Albertans might think it's the green onion cake or perogy, but no — those who decide such things deem other foods as tops for our province. Why not challenge yourself to sampling all of them this summer? Or impress friends and family with your culinary knowledge? Here's the list of Alberta's seven signature foods.
1) Beef - No surprise; it's what Alberta is famous for country-wide. It's said Alberta has as many cattle as people, thriving on the province's grasslands and rated number one for barbecue favorite among residents.
2) Saskatoon berries - If you haven't gone Saskatoon picking, you're missing out: this plump, tart berry (not to be mistaken for the smaller, sweeter blueberry) is found most everywhere on the prairies and is a favorite in pies, crumbles and savoury dishes. Traditionally, the Indigenous people ate Saskatoons fresh, made teas and dried them with bison as their winter food, pemmican.
3) Canola - Another prairie staple responsible for golden farm fields around the province, Canola is a heart-healthy oil used the world over.
4) Bison - Thought of as the iconic wilderness animal of North America’s grasslands, the bison has faced near-extinction in its 120,000 year history. From a population of 40 million in the 17th century to a few thousand Wood bison and wild mature animals today, bison are a quintessential taste of Alberta and the prairies.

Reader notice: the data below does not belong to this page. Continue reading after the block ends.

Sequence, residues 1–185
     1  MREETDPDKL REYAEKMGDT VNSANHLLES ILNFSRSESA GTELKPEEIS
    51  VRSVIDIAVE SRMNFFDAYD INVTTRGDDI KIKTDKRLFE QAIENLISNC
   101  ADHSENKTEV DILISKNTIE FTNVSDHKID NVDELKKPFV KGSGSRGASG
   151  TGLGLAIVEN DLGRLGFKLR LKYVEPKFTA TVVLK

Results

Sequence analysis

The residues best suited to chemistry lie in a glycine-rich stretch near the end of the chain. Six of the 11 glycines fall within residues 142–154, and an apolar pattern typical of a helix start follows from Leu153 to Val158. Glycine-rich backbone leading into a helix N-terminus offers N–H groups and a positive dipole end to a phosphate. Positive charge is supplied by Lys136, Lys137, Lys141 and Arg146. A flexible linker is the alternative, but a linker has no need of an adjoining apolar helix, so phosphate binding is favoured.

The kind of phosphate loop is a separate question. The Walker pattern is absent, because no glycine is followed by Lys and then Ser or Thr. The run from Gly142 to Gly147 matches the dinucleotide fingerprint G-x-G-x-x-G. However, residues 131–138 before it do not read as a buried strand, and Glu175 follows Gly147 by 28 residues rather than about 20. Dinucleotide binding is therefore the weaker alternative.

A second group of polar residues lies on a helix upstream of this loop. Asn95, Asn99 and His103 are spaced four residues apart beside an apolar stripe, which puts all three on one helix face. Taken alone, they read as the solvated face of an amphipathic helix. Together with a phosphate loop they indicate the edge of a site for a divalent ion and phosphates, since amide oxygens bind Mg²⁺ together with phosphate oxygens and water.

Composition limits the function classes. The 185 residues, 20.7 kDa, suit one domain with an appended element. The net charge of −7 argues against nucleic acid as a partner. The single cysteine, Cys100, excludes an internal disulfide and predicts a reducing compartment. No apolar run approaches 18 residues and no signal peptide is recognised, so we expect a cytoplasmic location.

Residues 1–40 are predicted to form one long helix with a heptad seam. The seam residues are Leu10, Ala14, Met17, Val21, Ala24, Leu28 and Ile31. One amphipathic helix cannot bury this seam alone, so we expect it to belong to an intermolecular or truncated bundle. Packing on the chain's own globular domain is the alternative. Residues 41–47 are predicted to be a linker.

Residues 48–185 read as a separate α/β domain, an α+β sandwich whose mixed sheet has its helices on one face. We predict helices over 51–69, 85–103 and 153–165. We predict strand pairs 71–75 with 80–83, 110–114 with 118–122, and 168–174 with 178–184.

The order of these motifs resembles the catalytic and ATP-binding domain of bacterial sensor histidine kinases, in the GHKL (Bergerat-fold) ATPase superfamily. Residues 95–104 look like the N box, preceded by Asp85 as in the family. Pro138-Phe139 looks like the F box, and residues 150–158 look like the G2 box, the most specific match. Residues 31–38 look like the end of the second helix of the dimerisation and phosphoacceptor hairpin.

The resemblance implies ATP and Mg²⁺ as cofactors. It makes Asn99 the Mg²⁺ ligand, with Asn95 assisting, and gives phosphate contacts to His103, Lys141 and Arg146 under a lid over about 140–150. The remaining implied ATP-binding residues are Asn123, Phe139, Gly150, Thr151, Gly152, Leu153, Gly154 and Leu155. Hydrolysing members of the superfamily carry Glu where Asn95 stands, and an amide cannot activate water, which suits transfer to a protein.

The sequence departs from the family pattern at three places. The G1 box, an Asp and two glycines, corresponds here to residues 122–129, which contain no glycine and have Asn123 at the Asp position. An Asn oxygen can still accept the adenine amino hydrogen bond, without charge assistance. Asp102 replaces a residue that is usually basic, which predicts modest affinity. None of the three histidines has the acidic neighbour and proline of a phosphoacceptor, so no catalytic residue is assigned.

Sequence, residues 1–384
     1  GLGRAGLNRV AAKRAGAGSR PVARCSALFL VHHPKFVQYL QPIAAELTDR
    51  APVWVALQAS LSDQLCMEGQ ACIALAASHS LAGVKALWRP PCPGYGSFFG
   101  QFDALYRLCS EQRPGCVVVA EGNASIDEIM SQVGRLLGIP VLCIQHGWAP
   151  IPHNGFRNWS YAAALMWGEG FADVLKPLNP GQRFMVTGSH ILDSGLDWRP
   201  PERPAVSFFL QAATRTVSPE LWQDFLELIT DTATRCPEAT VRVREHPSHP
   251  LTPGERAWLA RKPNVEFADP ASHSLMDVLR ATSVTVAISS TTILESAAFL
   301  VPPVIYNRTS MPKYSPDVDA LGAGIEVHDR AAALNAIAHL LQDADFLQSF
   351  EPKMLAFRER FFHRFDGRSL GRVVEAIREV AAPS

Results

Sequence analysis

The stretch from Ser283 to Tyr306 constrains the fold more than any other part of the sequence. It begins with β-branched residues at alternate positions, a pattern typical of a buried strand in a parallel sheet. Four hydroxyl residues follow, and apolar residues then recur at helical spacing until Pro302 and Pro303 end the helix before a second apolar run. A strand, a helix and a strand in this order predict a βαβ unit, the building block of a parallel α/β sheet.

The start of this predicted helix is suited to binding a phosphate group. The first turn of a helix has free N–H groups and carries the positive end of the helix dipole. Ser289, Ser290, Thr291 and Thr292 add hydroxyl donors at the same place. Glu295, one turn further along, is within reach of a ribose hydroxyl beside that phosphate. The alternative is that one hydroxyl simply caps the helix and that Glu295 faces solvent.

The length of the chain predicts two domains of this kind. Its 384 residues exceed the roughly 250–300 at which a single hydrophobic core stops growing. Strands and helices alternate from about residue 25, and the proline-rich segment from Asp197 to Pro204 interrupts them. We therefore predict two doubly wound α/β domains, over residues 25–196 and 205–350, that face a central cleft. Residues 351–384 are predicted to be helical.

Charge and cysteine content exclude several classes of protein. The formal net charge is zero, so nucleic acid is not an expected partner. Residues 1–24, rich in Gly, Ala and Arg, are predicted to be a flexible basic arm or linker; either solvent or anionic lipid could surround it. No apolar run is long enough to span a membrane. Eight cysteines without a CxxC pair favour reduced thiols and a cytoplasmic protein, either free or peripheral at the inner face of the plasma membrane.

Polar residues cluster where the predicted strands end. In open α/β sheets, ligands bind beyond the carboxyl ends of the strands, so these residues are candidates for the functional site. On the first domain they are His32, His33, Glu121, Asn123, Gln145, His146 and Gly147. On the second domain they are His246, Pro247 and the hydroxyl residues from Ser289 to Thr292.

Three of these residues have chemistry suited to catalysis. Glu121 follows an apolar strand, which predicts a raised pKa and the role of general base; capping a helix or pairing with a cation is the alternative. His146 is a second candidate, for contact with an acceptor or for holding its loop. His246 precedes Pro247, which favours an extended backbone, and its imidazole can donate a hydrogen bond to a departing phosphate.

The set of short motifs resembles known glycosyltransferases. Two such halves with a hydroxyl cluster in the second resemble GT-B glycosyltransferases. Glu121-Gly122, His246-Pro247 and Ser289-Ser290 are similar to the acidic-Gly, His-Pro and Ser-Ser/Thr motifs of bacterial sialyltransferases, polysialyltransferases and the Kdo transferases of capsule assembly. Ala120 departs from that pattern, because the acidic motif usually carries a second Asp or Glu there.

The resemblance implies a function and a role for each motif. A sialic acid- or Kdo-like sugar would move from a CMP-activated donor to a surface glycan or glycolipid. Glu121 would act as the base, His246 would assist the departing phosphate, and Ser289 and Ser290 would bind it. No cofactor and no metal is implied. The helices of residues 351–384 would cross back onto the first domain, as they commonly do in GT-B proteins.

5) Root vegetables - Carrots, parsnips, onions, sweet potatoes, turnips — these are examples of the bounty that is especially beloved in Alberta. It's the cold fall nights that cause the plant's sugars to concentrate, so our climate creates a sweeter-tasting veg. Get 'em on your plate whenever possible.
6) Honey - Did you know Alberta is the fifth-largest honey producing region in the world? The province harvests over 40 million pounds (18 million kilos) annually — that's 60 per cent of Canada's honey. Every locale produces a honey unique to that area, depending on what crops and flowers grow, so look for Made-in-Alberta honey to discover the flavours you can only find here.
7) Red Fife Wheat - You'll find it at farmers' markets--it's loved in various textured and sourdough loaves. Though it's a Canadian heritage food and was the baking and milling industries' standard of wheat from 1860 to 1900, it was also the first wheat to grow well in Alberta.